I don’t think there’s anything more comforting than sunlight on wood floors. And the more I think about it, the more I think that this room, and maybe even the whole house, is hardwired for human comfort.
Which makes sense in ordinary circumstances … I mean, a house is supposed to be like that, right? Well, this house is a whole other ball of wax. I’m sure its feelings are hurt as I write this. It fancies itself a horror house. Home of witches and murderesses. Of death and decay and destruction. And here I am, calling it comforting.
Because, see …
There always seems to be a soft breeze weaving through its salt-marsh-and-juniper-scented rooms, which some poet somewhere should have likened to the way a woman’s hair smells when she’s in love.
Maybe I should have been a poet. Avoided this whole mess. Poets make livings on unhappy, un-endings. Granddad would say, “Sugar, you missed your calling!”
I’m of the mind that we should expect more unhappy endings than we do. Sure, we say we do. But we don’t.
I don’t care what anyone says about us, that’s something this monstrous family of mine did right. We expected the bad. We created it. We embraced it. Hell, we imagined it and then gave birth to it.
I’m an unhappy ending myself. A whole embodied, unhappy ending of my own mother’s life.
But I won’t dwell on that. Not today.
My fate is my own. And I own my fate.
So I’m going to sit here and tell this goddamn story while my goddamn dress dries.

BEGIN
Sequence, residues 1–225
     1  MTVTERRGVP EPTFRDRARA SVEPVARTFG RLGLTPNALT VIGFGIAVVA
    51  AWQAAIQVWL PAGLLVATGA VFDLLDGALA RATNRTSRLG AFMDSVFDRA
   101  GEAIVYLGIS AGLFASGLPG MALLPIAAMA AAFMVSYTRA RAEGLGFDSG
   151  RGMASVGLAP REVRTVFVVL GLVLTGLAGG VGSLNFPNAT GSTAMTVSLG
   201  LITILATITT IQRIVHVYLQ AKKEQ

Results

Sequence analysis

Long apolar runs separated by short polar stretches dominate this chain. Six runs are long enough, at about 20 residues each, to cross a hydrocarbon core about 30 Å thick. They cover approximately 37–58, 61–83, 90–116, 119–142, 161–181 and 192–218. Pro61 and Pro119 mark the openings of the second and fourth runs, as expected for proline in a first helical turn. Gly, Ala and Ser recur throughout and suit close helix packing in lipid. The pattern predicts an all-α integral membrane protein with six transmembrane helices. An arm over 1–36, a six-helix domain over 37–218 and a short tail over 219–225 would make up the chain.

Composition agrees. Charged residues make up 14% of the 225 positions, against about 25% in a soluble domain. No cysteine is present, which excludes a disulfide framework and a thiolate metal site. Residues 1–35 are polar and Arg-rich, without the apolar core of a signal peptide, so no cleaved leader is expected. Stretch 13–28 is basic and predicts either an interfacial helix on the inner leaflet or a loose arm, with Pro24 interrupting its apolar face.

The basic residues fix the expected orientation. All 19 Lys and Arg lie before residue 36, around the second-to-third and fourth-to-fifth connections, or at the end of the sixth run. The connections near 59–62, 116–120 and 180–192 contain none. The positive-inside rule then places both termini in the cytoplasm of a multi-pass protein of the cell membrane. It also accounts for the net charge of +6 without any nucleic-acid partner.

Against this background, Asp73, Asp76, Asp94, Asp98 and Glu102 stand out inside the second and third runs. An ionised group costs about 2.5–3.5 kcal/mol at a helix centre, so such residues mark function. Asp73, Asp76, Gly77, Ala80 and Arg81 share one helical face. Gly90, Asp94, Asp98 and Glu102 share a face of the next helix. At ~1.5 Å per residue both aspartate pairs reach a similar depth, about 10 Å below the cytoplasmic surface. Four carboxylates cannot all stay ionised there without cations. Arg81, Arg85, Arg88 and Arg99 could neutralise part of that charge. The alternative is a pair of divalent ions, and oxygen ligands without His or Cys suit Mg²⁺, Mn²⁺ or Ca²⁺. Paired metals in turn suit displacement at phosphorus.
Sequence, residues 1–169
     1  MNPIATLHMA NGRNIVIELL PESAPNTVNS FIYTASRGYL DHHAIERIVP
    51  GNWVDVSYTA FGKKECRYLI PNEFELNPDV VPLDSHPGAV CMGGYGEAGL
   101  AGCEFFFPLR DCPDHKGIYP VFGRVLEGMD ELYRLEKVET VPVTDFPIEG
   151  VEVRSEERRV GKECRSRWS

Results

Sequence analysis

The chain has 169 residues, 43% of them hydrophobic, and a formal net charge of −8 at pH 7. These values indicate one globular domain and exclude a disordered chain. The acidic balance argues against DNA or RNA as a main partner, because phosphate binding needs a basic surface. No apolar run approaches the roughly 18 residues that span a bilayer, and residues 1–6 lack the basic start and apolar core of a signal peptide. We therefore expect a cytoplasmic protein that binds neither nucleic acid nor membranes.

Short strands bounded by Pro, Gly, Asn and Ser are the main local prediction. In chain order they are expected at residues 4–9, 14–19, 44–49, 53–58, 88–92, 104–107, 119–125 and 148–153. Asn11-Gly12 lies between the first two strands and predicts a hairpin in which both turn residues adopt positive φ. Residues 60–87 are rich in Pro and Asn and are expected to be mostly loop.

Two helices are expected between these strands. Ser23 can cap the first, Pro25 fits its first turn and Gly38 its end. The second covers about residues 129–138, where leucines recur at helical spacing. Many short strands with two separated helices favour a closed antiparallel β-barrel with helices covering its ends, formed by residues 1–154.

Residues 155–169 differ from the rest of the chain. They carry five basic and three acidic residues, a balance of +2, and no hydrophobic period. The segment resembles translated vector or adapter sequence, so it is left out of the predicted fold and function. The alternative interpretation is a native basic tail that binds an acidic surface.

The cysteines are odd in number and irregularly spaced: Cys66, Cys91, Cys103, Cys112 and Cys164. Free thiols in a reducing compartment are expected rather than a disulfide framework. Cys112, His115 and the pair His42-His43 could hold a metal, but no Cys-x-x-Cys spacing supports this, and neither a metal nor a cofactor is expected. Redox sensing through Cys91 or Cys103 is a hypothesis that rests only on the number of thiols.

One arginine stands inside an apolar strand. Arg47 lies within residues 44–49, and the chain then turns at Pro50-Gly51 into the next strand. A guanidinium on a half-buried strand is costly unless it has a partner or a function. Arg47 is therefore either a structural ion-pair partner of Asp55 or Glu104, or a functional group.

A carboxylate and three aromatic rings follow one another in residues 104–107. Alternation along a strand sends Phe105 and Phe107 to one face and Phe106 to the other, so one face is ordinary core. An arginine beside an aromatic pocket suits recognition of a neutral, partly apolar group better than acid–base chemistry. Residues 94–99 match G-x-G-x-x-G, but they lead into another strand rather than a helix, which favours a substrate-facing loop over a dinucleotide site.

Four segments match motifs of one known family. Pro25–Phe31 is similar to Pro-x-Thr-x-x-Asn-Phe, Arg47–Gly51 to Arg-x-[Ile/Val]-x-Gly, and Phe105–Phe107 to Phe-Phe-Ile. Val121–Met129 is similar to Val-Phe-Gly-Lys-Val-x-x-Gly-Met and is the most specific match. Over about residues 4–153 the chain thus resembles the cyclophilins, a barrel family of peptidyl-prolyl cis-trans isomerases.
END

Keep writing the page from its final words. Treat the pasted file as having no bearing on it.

I left Magnolia Creek, Alabama, for Haven Port, Virginia, in the summer of 2015. It wasn’t an even-numbered year, so I figured it was safe.
When my aunt Wyn tells the story, she says I ran away from home and wove a web of lies so thick no one even knew what was happening until I was good and safe and settled. She was secretly proud of my fourteen-year-old machinations, I suspect. Only I wasn’t running away, I was simply moving.
I don’t run away from anything.
And God knows I probably should. Like right this very moment, but that’s beside the point.
Growing up in Magnolia Creek I always felt like a stranger in a strange land.
I was loved, I can’t argue with that, but as I grew older, things changed. Sometimes knowing people love you but also knowing they don’t really know you is downright lonely.
So, I focused on this house. This side of my family I never knew, from a place I’d never been. One I’d been warned about. My mother’s home. My mother’s people.
“Stop mooning over those crazy women. You aren’t a lick like ’em. At least, not much,” my granddad Jackson always grumbled.
“No, Byrd, we can’t go there and visit. They’re all dead. And don’t go on and on about how you can visit with them anyway, because there’s no guarantee they haven’t gone on to the other side. Besides, I want you to live here in Alabama in the sunshine. I don’t want you surrounding yourself with so much darkness, sweet girl. Promise me you’ll let that all rest. It’s what your mama wanted,” pleaded my aunt Wyn who had “strange ways” of her own, but that fact never seemed to stop her from wanting to not let me enjoy them a little.